Stadium Authority is receptive to crowding out mark Aug. 27

John Steadman

August 14, 1992|By John Steadman

Playing to a sellout crowd for an exhibition game in a would-be expansion location doesn't mean that much to the National Football League. It has happened in Memphis, St. Louis and at two places in North Carolina. Provincialism aside, Baltimore must refrain from climbing atop the dome of city hall and bragging on itself.

What should be done -- and it's something the Maryland Stadium Authority is considering -- is to find a way to add about 2,000 temporary seats to Memorial Stadium. This would then allow the city to reach an all-time attendance record for any kind of professional football game staged in Baltimore.

Now that's something the governor, the mayor and Herb Belgrad, chairman of the stadium authority, could run with. After all, Baltimore had a football team for 35 years. It won its share of championships, enjoyed support at the box office and had a fanatical following.

Yet the largest audience to ever watch a game here was in 1983, not a good year on the field, when the turnout against the Pittsburgh Steelers reached 61,479, mainly because of the influx of spectators from Western Pennsylvania. Now to the New Orleans Saints-Miami Dolphins exhibition here on Aug. 27. At last count, the number of seats sold was 59,428.

Belgrad and assistant Walter Gutowski hailed the suggestion of going for a record as a "great idea." Gutowski, however, wondered where they'd find the space for installing extra seats but was serious enough to head for Memorial Stadium to see what he could accomplish. Install sky-hooks, if need be, but try it.

This is far from a difficult endeavor. It's entirely reasonable and attainable. "Baltimore needs some thing extra to gain the NFL's attention," said Tom Matte, a Baltimore Colt for 12 years, who was the master of ceremonies at a noon news conference yesterday when plans were outlined for a lineup of festivities that begins Aug. 22 and carries up to kickoff time.

"I think if Baltimore drew enough fans to establish a record, it would make impressive public relations points," continued Matte.

"The game is incidental to the league and is more or less looked on as another stop on the exhibition circuit. You can bet, though, the NFL owners and the league office would be talking the next day about a record crowd gathering at an exhibition in Baltimore. This would be another plus to add to the resume. I'm all for it. Imagine the crowd reaction in Memorial Stadium if it's announced to the fans that night and those in the radio and national TV audience that they were responsible for setting a record for pro football in Baltimore?"

It may be a mere detail that, in the final analysis, isn't all that hTC important. But go for it. Hosting the exhibition, to begin with, in the words of an NFL official, is nothing more than "colorization." The visiting teams each receive guarantees of about $500,000 ++ and the stadium authority will profit, too, but nothing to compare to the Saints and Dolphins.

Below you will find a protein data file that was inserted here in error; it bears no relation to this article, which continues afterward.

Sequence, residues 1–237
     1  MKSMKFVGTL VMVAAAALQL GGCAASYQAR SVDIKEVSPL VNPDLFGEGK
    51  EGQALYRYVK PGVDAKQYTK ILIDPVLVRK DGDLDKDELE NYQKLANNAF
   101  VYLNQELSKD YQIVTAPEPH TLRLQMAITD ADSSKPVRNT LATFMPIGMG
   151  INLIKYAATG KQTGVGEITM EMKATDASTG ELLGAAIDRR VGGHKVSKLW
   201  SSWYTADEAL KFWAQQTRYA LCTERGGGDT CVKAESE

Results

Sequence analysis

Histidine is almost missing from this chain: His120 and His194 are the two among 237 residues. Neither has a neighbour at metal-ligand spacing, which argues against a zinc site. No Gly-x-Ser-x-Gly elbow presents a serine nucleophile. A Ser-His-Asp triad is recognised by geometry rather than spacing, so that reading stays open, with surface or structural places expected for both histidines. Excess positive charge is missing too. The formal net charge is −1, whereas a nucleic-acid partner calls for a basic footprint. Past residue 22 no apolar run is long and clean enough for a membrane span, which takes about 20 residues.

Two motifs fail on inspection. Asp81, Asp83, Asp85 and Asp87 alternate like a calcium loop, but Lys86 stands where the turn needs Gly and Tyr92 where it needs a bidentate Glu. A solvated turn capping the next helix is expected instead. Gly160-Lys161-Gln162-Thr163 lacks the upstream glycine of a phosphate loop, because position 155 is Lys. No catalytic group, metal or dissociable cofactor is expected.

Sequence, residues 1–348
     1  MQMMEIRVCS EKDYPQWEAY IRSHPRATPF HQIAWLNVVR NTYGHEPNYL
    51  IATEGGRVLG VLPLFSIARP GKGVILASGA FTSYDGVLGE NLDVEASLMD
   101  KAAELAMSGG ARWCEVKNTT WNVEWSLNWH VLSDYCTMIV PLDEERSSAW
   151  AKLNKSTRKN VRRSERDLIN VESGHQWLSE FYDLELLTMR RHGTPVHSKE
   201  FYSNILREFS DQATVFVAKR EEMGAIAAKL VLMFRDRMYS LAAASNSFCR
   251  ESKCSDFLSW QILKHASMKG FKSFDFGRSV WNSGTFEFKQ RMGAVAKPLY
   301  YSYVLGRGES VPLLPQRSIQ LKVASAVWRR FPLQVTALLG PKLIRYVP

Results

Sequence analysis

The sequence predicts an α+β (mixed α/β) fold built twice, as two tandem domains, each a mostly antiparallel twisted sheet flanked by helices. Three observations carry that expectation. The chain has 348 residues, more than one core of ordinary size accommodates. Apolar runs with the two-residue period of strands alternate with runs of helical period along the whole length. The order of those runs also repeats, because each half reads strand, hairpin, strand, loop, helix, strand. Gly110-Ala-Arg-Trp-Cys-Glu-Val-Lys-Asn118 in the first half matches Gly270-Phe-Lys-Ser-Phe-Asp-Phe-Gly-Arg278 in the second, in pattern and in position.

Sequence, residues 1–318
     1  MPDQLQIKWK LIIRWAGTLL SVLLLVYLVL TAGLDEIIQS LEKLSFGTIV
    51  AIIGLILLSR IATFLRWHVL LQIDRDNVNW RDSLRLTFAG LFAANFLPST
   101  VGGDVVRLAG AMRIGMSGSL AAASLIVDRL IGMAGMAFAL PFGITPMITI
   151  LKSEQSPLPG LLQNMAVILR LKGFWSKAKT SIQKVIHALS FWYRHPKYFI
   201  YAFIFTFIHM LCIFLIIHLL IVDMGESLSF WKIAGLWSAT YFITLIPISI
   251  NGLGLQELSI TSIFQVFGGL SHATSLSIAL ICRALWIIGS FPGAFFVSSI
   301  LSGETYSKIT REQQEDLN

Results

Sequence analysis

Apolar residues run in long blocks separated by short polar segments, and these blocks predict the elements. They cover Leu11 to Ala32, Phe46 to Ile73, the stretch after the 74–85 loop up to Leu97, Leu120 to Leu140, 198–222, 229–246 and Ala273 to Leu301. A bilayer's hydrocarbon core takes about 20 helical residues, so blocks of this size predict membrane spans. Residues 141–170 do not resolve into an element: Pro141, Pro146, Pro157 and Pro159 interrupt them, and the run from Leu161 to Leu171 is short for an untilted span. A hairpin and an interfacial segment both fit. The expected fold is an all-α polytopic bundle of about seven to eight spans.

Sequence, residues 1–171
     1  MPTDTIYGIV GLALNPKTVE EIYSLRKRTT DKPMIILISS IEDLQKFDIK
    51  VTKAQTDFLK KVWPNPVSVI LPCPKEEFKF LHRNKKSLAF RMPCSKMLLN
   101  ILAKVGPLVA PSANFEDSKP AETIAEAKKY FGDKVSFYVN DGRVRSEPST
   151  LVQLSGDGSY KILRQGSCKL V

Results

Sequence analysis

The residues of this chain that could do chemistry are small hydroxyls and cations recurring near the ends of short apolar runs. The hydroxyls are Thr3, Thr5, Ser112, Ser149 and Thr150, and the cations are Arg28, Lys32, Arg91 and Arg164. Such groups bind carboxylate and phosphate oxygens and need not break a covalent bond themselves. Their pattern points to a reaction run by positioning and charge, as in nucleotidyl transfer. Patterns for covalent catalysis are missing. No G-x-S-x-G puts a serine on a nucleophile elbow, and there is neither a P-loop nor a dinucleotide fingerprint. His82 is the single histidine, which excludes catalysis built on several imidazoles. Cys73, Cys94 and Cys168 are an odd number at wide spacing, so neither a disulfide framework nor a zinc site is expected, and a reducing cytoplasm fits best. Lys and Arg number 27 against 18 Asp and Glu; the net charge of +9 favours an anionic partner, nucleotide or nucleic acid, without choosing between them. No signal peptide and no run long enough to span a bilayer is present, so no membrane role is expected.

Since Baltimore is so close to the 61,479 figure, there's no reason why it shouldn't take dead aim. It would mean wire service stories out of Baltimore would include, in the lead, the fact the city had produced an all-time pro football crowd count. Other than that, it becomes a mere report of two teams putting the finishing touches on the exhibition schedule.

That two NFL teams are coming here to play an exhibition doesn't qualify as any kind of a distinction but if the attendance equates to a record for pro football in Baltimore it would be an attention-getter. Baltimore, in this respect, would be able to separate itself from the rest of the expansion cities in doing something none of the others could achieve.

Joe Ehrmann, a former Colts tackle, is hosting a crab feast the night before the game at Martin's West and more than 70 players from Baltimore's football alumni will be present, along with corporate leaders and fans. Matt DeVito, chief executive of the Rouse Co., is chairman. All funds raised go to Ehrmann's inner-city ministry, "The Door."

"It's another dimension that will bring attention to Baltimore and to football," he said. "The corporate community has been terrific. We have only about 400 tickets to sell at $75 each or $750 for a table of 10. This also demonstrates to the league how much interest is here."

Selling the NFL on where it should place expansion clubs has nothing to do with eating crabs with old Colts. It's another form of drum-beating, making the best of the situation at hand and positioning. Even posturing.

Producing an all-time crowd total for Baltimore's exhibition game can only help; not hurt. It would continue to separate Baltimore from the rest of the pack.

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